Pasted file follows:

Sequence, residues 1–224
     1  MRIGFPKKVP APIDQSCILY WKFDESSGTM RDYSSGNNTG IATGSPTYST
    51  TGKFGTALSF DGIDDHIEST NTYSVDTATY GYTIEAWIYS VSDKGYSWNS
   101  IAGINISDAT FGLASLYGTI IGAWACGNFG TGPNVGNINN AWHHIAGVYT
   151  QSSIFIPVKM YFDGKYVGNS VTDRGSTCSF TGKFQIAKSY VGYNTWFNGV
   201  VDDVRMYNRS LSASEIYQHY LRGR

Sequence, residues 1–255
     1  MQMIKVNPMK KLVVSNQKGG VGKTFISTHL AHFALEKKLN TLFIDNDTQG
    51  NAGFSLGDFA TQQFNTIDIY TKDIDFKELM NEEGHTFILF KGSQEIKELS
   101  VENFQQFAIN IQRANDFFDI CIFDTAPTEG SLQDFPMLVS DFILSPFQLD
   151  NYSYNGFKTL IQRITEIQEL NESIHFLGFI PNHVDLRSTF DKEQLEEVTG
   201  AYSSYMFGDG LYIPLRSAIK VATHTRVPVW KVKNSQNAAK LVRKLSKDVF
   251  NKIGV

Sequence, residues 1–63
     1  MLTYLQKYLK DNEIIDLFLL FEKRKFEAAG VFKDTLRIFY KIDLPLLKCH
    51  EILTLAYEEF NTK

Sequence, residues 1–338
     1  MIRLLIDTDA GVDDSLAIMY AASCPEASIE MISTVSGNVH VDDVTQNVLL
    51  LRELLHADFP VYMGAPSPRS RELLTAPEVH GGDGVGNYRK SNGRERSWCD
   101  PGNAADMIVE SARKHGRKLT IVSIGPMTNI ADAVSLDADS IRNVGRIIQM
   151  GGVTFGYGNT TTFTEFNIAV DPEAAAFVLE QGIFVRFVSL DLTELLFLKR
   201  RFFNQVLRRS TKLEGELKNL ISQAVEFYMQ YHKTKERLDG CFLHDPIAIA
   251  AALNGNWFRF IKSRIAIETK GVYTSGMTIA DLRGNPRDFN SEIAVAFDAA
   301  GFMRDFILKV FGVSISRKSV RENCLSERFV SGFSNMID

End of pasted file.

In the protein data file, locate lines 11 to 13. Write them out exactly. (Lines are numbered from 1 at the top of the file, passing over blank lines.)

   151  NYSYNGFKTL IQRITEIQEL NESIHFLGFI PNHVDLRSTF DKEQLEEVTG
   201  AYSSYMFGDG LYIPLRSAIK VATHTRVPVW KVKNSQNAAK LVRKLSKDVF
   251  NKIGV